Note that namespace creation is expensive! What should happen is that this creation is done once, and then a mapping from language key to language evaluator should be stored by the testing suite so it can be recalled quickly if the language is specified again. This could happen, for example, on assignment that has several questions testing Scheme, and several other questions testing Python.

The fact that we're allowing languages to be specified independently means it is no longer possible to have a centralized handles-and-messages. However, we should be able to provide a module that provides custom exceptions (some of which will add appropriate prefixes to exn-message as is done with some of the strings in handles-and-messages) or alternatively string-building functions, and it should be possible to have mzscheme include the directory with this file in the module search-path so the language-module writers can make use of it.

A note on diff

As the suite now supports a percentage value rather than pass/fail, a standard diff no longer suffices for I/O tests. The new default diff is given below.

#!/usr/bin/env bash

# A friendly default diffing program
# The remainder of any status message should be written to stdout.
# The percentage earned should be written to fd 3.
# If the percentage earned is not 100, then the calling program
# should generate a side-by-side comparison.

if diff -ibB -q "$1" "$2" > /dev/null 2>&1; then
   echo 'passed.'
   echo '100' >&3
   echo 'FAILED.  See output comparison below for details.'
   echo '0' >&3

Language Implementation Pointers

Tags such as equal, expected, and result have been considered common to the core of the language, but will be no longer. The reason is that they imply an interpreter context, and are not relevant to languages such as C and "script." The tags exposed to the end-user from a common set will be language (indicates a language evaluator should be loaded), value (total marks for a given test), desc / description (a description of the purpose of the test), timeout (test time limit in seconds), memory (test memory usage in megabytes), and diff (specifying a program to use to compare output). Timeout and memory will require direct language support, as there are different mechanisms that may be appropriate in different language contexts. Functions that provide default entries to the hash table for all of these are provided in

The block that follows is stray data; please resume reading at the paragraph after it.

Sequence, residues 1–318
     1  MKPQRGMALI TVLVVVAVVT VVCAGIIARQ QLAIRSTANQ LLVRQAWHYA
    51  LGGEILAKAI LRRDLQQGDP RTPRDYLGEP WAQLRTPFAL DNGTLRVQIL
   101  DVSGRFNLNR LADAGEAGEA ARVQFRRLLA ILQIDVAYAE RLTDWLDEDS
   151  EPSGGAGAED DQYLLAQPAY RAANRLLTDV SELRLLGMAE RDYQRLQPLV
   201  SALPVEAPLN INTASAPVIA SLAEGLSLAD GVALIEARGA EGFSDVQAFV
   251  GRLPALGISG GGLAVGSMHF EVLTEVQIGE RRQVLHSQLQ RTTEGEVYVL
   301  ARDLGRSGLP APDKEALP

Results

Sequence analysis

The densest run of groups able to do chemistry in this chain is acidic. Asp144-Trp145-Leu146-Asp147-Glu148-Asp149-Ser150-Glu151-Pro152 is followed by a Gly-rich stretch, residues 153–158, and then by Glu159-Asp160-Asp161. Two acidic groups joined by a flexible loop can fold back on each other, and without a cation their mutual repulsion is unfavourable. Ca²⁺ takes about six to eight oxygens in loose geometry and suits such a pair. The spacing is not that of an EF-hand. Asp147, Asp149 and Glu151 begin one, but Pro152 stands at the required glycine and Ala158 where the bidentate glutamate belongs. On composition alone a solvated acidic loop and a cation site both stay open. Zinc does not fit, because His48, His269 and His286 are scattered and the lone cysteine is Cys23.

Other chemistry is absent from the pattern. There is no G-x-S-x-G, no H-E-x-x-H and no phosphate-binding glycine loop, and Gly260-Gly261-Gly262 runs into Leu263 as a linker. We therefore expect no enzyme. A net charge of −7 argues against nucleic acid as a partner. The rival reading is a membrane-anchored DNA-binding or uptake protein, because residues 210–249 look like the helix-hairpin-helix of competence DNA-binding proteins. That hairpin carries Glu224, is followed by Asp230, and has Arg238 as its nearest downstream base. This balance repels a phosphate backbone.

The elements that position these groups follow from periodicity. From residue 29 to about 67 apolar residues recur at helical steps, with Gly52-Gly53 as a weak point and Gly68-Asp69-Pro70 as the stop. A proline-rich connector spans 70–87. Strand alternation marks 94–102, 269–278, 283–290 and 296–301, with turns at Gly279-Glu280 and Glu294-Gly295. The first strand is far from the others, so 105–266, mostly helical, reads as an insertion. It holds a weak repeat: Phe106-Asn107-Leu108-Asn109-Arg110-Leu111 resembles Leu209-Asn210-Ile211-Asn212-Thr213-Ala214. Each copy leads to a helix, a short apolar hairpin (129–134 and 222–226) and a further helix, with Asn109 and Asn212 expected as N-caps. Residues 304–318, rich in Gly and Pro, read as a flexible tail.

Languages such as Scheme and Python should ideally reference a common module that defines some behaviour for these tags. Result should be a single function call; however, expected should accept multiple values. It would make sense, given the part-marks behaviour, to allow a corresponding multiple-valued expected-weight (defaulting to 100) that specify percentage weights assigned to different correct answers. So, for example, a combination of (expected 3 4 5) and (expected-weight 100) would mean that any of those answers would receive a mark of 100, whereas (expected 3 4 5) and (expected-weight 100 80) would mean that 3 gets a mark of 100% but 4 and 5 only get marks of 80%, and (expected 3 4 5) (expected-weight 100 80 60 40) would mean that 3 gets a mark of 100%, 4 gets a mark of 80%, and 5 gets a mark of 60%.

There should also be mark-explanation tags to specify the format of the message to return from run-test under different scenarios. Different possibilities are available for this, but it could involve special keys. For example, there could be defaults of (mark-explanation 100 "Passed") and (mark-explanation 0 "FAILED -- saw " 'result " but expected " 'expected) where the back-end code is able to do appropriate substitution when it sees the keys 'result and 'expected.

Topic revision: r21 - 2009-07-29 - TerryVaskor